View related sites
Have you learnt something new in the last few weeks, or picked up a long-forgotten hobby?
If social media is to be believed (and of course, it shouldn’t always be)1 we are all furiously busy with learning to bake sourdough, crochet a blanket, grow our own tomatoes, or hold a fiendishly tricky yoga pose. Confined to our homes (and gardens, if we are lucky enough to have them), in May we may be looking to learn from the gently blossoming flora around us and encourage our intellectual, emotional or physical powers to participate in a similar blooming, too. But with such a bewildering array of possibilities, what are we choosing to focus on?
We know that innumeracy is a drain on national success and a stumbling block for individual advancement.2 Sensibly, the government has supported those involved in furloughing to announce the offer of free online courses3 so that they can improve their own skills in digital fitness, literacy and basic maths. Online providers such as Coursera have reported large increases in sign-ups for their free courses in the last few weeks,4 so there is obviously an appetite for using unexpected leisure time for self-improvement. But will the simple existence of these courses help reduce the nation’s innumeracy, I wonder?
A recent report5 indicated that many of the 18.5m UK adults (nearly half the working population) who have numeracy skills at or below those of an 11-year-old also have a negative attitude towards maths. Research6 suggests that the relationship between negative attitudes and failure is cyclical – failure leads to negative attitudes and negative attitudes often reduce the likelihood of perseverance, and perseverance is usually necessary for success.
Sometimes negative attitudes surface as maths anxiety. Whilst some academics have argued that maths anxiety may appear very early in childhood and this later affects attainment, others have argued that it is poor performance as children that influences the development of maths anxiety later on. It is likely that the relationship between maths anxiety and maths performance works both ways – poorer-than-expected/hoped-for performance may lead to us feeling maths anxious, or at least exacerbate existing maths anxious feelings. Likewise, maths anxiety is likely to have a negative impact on performance.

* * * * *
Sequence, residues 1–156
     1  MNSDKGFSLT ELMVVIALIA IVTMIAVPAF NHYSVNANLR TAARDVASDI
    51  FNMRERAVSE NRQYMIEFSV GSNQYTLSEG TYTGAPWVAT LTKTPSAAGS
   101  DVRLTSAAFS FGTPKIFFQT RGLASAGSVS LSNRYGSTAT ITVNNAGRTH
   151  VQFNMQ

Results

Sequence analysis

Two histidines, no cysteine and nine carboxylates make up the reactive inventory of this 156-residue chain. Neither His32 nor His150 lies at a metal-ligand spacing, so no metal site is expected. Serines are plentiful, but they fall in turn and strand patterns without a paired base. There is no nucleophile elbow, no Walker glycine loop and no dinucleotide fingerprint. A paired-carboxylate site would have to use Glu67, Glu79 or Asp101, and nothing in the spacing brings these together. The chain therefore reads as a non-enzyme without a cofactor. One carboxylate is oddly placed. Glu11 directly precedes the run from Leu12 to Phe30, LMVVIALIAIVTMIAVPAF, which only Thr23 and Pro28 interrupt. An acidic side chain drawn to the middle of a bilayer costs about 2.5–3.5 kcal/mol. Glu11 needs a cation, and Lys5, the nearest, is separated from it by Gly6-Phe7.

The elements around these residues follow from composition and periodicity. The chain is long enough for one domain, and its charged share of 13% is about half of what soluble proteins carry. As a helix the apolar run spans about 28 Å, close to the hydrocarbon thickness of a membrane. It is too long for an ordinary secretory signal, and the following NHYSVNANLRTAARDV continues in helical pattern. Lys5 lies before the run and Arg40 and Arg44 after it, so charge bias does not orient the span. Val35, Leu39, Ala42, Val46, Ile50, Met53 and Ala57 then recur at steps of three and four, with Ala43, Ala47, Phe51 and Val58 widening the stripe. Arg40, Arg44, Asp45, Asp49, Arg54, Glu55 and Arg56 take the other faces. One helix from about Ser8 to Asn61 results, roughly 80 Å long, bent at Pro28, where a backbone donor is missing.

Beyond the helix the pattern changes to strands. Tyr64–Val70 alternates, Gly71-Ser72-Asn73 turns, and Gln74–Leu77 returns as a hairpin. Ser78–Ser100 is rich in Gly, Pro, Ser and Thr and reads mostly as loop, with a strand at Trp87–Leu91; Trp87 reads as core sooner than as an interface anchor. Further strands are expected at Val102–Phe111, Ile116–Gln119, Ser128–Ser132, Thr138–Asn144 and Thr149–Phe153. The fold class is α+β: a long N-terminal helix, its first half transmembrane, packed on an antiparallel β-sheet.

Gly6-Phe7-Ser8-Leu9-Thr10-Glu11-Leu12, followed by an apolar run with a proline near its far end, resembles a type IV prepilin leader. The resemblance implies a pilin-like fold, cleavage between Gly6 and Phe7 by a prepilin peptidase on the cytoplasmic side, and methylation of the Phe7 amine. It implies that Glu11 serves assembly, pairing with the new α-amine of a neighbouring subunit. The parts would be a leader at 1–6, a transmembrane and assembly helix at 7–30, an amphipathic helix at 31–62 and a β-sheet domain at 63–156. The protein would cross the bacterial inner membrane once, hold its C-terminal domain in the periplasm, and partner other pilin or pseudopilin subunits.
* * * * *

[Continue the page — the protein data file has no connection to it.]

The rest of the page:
Image source: https://www.nationalnumeracy.org.uk/
But attitudes don’t always arise from poor performance and vice versa. We are surrounded by ill-thought out advertisements7 suggesting it is ultra-feminine, or simply not cool, to be poor at maths. How often have you heard public figures decrying their own maths ability? The reaction of the presenters to the Radio 4 Puzzle for Today are often a prime example, with throw-away comments which somehow suggest it is OK – somehow funny, or “normal” – to be bad at maths.
These factors all contribute to the crisis in numeracy. It’s not just a little problem – it’s a massive one. It costs the country about £20 billion a year (and that was before COVID-19). It affects individuals’ opportunities and their financial well-being, as well as their ability to be able to function in society. Support for these adults should:
Are these the kinds of learning opportunities you are being offered, or taking part in?
In 2019, only four of out of the top 100 courses on Coursera8 were maths-related. Other hugely popular online courses in the past have covered topics as diverse as Bitcoin, the science of wellbeing, introduction to psychology, Chinese and machine learning.9 Really successful online courses have the potential to reach millions and can be totally life-changing for those taking part. One such is the National Numeracy Challenge which will be central to the communication around National Numeracy Day on 13th May. A small diversion from the national lockdown to improve productivity as a nation and help boost our collective numeracy in an innovative and exciting way.
Join the conversation: You can tweet us @CambridgeMaths or comment below.